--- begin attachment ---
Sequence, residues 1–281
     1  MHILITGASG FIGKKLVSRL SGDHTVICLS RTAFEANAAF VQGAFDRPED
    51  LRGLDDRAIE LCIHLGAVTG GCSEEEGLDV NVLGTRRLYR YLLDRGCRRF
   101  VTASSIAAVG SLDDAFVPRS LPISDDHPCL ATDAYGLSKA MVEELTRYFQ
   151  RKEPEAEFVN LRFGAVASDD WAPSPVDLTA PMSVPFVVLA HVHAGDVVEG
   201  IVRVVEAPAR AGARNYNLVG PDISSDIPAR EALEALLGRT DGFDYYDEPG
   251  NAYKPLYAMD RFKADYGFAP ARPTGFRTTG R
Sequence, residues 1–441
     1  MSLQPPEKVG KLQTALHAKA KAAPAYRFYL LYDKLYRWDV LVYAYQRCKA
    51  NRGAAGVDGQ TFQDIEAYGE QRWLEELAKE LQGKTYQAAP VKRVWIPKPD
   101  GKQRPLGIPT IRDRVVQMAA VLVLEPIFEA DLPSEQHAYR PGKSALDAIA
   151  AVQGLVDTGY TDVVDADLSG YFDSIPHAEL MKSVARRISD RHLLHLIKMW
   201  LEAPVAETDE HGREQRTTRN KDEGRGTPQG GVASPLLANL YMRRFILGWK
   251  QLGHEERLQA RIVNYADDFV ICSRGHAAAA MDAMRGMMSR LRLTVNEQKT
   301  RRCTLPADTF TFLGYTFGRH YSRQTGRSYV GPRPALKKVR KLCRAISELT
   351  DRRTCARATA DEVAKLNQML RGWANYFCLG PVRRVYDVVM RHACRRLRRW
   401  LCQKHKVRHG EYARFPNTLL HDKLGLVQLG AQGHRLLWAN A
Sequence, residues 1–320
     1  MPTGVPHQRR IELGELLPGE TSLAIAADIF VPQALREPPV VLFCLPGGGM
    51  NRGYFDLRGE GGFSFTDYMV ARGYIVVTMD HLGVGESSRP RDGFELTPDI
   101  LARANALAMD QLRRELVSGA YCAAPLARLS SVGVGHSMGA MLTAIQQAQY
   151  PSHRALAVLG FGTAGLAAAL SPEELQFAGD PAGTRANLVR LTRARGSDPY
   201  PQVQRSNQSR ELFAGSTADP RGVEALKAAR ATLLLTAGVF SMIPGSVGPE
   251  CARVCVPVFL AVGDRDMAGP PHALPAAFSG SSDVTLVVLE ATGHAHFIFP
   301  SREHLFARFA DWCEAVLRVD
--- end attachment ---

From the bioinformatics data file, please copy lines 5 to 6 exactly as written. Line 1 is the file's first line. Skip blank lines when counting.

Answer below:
   151  RKEPEAEFVN LRFGAVASDD WAPSPVDLTA PMSVPFVVLA HVHAGDVVEG
   201  IVRVVEAPAR AGARNYNLVG PDISSDIPAR EALEALLGRT DGFDYYDEPG